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This Rare 1928 BMW R57 Motorcycle Will Lead Bonhams’ Upcoming Collectors’ Auction

Although estimated to fetch as much as $70,000, the rare motorcycle is being offered without reserve.

A 1928 BMW R57 motorcycle. Photo by Pawel Litwinski, courtesy of Bonhams.

The Barber Vintage Motorsports Museum, in Birmingham, Ala., houses a collection of more than 1,600 motorcycles, of which more than 900 are on display at any time. As the largest motorcycle museum in the world, the venue presents an ideal backdrop for the Bonhams live auction taking place on October 10. This year, the appropriately titled Collectors’ Motorcycles and Motorcars at the Barber Museum event will feature a particularly interesting bike from the formative years of the industry.

BMW Motorrad was quickly recognized as an innovative manufacturer when it began producing motorcycles in 1923. Its early efforts in competition and speed-record attempts resulted in some machines that are highly collectible today.

“Among these pieces, one of the rarest and most sought-after will probably be the 1928 BMW R57,” explains Bonhams motorcycle specialist Mathieu Guyot-Sionnest. “Appearing only a few years after the introduction of BMW’s very first motorcycle, the historically important R57 is not just exceedingly rare, it is a real proof of the German brand’s top motorcycle engineering at the time, besides being beautifully styled and a capable rider. It carries an extremely reasonable estimate of $50,000 to $70,000, and will be offered without reserve.”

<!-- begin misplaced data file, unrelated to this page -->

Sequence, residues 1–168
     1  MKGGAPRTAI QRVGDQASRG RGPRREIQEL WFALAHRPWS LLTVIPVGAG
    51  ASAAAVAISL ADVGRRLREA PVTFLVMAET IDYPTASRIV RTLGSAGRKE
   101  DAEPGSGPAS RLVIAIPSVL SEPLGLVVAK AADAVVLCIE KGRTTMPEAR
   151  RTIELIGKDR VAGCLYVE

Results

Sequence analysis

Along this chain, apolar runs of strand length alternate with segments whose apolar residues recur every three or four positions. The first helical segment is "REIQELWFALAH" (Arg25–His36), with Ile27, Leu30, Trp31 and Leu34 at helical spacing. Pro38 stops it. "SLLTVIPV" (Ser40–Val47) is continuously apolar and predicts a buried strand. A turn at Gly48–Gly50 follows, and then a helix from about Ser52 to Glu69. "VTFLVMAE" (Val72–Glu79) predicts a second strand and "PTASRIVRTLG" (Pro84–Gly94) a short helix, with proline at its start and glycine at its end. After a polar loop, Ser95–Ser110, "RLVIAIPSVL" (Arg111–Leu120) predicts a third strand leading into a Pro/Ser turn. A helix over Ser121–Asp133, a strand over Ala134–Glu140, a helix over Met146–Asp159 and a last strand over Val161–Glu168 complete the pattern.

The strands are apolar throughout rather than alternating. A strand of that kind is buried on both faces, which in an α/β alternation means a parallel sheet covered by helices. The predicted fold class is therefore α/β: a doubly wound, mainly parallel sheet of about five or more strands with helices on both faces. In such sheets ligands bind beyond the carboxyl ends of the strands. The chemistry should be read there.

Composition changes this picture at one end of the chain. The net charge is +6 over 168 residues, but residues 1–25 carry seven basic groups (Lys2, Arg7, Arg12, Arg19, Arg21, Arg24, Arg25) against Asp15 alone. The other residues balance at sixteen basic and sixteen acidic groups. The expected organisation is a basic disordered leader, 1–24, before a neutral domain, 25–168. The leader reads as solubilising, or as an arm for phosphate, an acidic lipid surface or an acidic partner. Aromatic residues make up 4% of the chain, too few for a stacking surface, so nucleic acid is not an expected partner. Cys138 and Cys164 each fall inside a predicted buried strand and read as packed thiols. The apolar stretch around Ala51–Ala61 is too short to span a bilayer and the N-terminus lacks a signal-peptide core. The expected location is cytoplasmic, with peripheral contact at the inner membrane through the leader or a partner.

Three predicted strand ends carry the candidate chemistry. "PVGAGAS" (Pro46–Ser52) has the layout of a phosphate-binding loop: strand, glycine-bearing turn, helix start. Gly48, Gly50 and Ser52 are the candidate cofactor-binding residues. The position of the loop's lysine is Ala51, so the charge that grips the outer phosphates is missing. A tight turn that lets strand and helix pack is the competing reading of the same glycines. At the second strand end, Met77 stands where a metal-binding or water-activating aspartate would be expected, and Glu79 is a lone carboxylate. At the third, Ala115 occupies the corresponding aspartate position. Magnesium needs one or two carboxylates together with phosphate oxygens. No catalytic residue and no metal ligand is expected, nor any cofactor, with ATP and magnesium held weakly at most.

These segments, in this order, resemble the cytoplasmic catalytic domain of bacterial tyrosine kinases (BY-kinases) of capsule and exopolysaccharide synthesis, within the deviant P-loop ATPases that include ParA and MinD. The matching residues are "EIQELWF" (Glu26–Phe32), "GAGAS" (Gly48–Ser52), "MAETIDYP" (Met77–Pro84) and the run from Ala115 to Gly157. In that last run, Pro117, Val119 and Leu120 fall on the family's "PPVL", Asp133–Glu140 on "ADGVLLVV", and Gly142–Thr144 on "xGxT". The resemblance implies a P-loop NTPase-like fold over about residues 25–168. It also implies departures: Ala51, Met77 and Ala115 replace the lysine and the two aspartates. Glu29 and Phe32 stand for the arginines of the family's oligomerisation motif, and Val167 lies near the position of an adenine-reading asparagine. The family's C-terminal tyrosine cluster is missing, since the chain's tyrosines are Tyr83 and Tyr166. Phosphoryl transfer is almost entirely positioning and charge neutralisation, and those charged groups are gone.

A 1928 BMW R57 motorcycle.

The 1928 BMW R57 motorcycle being offered by Bonhams on October 10.  Photo by Pawel Litwinski, courtesy of Bonhams.

As the worldwide auction landscape has recently shifted almost exclusively from in-person to online, buyers and sellers have adapted rather well to the changes in format, thanks in large part to the fact that the fundamentals of live bidding remain much the same, despite one’s location and manner in which bids are communicated. Even Telephone bidding has long been a preferred strategy of serious and successful bidders. In recent years, silent bidding from behind a keyboard—perhaps time zones away from the live event—is done in real time as the auctioneer calls out bids in front of a live video feed. After the last several months of online-only action, returning to an in-person auction such as the Bonhams event (although there will be an online component), almost feels like the paradigm shift now.

A 1928 BMW R57 motorcycle.

This model was made just a few after BMW built its first bike.  Photo by Pawel Litwinski, courtesy of Bonhams.

Bonhams offers previews of lots to be auctioned by appointment and from a few regional hubs, so prospective buyers—or their representatives—can examine lots for sale in person, as well as request condition reports well in advance of the auction. “This method has been warmly received by sellers,” says Guyot-Sionnest. “Without having to ship vehicles across the country to be sold, the convenience—and in many cases cost savings – can be considerable, and feedback from sellers has been very positive.”

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